Beresford2

I didn’t care about outdated wallpaper that didn’t match the vintage of the building.  My worst complaint wasn’t the bath tub.  In fact I looked forward to getting into the spa tub.  Until…

Beresford3

I ran the water.

Beresford4
before Marsha

I didn’t need a soak in tan that badly.  I fell into bed tired and dirty, and after breakfast the next morning decided to just leave.  I phoned ahead for my car because it could take up to 30 minutes to get it.  I went down up to the lobby twenty minutes later, and waited an hour an a half downstairs upstairs.

Beresford5

As old hotels in San Francisco go, this one probably rates better than you might get from my review. My friend Sally rented a brochure room when she stayed there.

 

Book Review: Co-Operative Dreams A History of the Kaweah Colony by Jay O’Connell

Kaweah Colony

If you’ve never seen a tree so wide you can drive your truck through it, then you need to come to the Sequoia National Park.  The Kaweah River surges down from the Sierra Nevada, through the Big Trees, forming the Delta where big agriculture lives in Tulare County.

map

The huge forests that attract thousands of tourists world-wide today, might have been wiped from the map before their secret was discovered were it not for the drama that unfolded in the mountains in the 1880s.

I met author, Jay O’Connell, in the Pizza Factory in Three Rivers on the day Sally Pace and I made ad sales calls for the Kiwanis Magazine, “What’s Happening in the Foothills.”  I went home, and sure enough, I had his book, Cooperative Dreams A History of the Kaweah Colony, in my library, but to my loss, had never taken the time to read it.

Early tent colony where first Kaweah Colony residents settled.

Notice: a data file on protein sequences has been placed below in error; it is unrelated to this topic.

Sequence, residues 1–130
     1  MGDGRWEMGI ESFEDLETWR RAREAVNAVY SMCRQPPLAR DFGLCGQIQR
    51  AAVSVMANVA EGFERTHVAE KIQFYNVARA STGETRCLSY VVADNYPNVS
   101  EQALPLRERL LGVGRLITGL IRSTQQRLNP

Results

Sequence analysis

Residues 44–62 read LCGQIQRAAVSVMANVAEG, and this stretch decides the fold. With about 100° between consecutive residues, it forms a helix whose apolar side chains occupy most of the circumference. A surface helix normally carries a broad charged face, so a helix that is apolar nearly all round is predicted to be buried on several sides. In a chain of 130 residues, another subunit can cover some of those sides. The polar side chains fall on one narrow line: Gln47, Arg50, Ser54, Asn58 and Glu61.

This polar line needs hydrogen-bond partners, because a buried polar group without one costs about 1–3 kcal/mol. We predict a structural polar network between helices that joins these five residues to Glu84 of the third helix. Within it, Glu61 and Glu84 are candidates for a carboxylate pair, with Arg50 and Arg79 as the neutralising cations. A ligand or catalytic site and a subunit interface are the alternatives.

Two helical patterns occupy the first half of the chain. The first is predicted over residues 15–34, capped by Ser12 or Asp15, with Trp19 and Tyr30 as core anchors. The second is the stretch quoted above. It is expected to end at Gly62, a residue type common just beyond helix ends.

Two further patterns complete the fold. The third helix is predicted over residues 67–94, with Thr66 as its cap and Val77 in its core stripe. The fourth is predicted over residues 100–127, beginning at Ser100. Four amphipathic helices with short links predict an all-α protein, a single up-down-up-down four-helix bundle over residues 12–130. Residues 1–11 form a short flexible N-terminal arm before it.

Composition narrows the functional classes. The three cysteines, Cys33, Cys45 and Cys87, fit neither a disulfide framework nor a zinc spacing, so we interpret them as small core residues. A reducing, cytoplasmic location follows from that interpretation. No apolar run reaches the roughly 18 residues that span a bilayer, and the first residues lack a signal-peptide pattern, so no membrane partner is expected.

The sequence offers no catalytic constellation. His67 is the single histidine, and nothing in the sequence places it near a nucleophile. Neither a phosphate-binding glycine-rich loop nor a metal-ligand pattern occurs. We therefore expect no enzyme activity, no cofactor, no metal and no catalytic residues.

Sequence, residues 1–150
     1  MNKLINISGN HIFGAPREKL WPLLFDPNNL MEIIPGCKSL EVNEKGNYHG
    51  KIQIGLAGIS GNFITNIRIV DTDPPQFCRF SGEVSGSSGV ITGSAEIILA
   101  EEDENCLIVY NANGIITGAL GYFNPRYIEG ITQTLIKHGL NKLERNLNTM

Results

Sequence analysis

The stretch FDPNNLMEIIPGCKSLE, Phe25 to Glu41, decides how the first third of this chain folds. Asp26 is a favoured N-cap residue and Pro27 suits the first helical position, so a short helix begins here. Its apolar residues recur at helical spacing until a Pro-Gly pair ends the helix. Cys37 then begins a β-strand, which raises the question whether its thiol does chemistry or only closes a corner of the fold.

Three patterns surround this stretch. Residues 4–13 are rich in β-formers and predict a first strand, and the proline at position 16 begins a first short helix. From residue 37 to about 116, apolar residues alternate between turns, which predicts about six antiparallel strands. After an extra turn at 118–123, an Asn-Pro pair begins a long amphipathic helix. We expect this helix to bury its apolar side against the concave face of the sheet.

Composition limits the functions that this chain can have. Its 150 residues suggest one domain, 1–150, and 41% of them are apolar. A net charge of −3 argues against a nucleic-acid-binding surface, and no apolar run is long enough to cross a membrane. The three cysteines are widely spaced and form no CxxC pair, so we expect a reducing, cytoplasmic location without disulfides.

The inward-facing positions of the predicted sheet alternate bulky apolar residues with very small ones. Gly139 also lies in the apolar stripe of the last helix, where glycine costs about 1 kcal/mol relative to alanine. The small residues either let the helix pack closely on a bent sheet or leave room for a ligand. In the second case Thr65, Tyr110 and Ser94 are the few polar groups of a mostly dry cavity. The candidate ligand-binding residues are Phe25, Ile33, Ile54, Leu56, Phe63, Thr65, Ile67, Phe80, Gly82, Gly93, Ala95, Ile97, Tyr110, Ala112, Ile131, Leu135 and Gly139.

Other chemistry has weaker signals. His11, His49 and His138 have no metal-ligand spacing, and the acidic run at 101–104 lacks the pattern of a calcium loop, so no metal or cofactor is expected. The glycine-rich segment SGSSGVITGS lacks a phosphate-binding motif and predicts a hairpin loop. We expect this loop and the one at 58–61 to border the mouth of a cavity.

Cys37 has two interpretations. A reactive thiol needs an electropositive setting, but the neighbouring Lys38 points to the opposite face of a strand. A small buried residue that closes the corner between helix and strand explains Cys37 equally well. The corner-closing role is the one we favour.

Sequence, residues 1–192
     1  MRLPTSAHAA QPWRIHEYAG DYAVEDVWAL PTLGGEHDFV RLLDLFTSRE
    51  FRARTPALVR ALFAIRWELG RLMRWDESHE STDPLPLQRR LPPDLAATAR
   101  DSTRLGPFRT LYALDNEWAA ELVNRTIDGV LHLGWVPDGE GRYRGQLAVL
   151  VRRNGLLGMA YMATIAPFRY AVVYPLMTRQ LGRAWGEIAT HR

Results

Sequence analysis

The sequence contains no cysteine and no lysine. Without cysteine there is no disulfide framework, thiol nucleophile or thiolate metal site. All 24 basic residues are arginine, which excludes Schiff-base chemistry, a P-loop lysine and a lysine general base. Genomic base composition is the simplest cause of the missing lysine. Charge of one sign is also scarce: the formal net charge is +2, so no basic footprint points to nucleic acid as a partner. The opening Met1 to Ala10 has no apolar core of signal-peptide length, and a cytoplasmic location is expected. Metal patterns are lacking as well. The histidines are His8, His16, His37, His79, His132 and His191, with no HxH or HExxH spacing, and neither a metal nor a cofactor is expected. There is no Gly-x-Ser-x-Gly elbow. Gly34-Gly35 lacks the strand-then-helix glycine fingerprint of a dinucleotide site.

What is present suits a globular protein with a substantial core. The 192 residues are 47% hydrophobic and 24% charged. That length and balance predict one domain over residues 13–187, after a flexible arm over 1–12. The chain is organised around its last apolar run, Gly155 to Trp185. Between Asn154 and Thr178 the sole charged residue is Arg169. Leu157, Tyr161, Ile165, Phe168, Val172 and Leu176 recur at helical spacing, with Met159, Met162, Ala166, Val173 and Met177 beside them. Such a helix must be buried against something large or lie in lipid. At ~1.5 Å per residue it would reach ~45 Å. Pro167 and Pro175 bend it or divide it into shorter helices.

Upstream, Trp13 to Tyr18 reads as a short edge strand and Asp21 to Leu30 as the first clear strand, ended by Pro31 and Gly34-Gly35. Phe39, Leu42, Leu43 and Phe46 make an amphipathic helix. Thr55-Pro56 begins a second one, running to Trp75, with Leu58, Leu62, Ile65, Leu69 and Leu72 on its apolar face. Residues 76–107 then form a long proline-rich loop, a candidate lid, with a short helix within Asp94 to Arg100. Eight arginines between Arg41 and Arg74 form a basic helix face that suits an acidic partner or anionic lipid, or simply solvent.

Early tent colony where first Kaweah Colony residents settled.

“Three key issues of the nineteenth-century California history are illustrated by events at Kaweah.” The issues prominent in the 1880s, when the Kaweah Colony formed were: “land and its acquisition; labor and the organization of it; and conservation.  … They are personified by three major characters in the drama of the Kaweah.” Charles Keller found the land, and knew it would be perfect to start the perfect cooperative colony.  Burnette Haskell, son of none other than Eddie Haskell (not from Leave It To Beaver, but very much like him in personality) gave voice to the organized labor movement so prominent in those years.  Finally, Visalia’s own “Father of the Sequoia National Park,” George W. Stewart championed conservation so effectively that the results surprised even him.

More permanent dwellings afforded little protection from the winter weather.
More permanent dwellings afforded little protection from the winter weather.

What I didn’t know was that there was such a mysterious aura around the often-told story.  For fifty years even historians did not know how the park came to be included in a bill that originally reserved only a small portion of the trees for posterity.  Even more amazing was the reason for including the magnificent trees in the preservation act.

O’Connell gently unfurls the story, introducing each character, using primary sources including letters, newspaper articles, and interviews of survivors of the colonies conducted in the 1940s by Tulare County historical expert, Joe Doctor, to authenticate his narrative.

As a student of local history, I found this fascinating, but California’s history, its dream belongs to the world as did the settlers that came in the 1800s.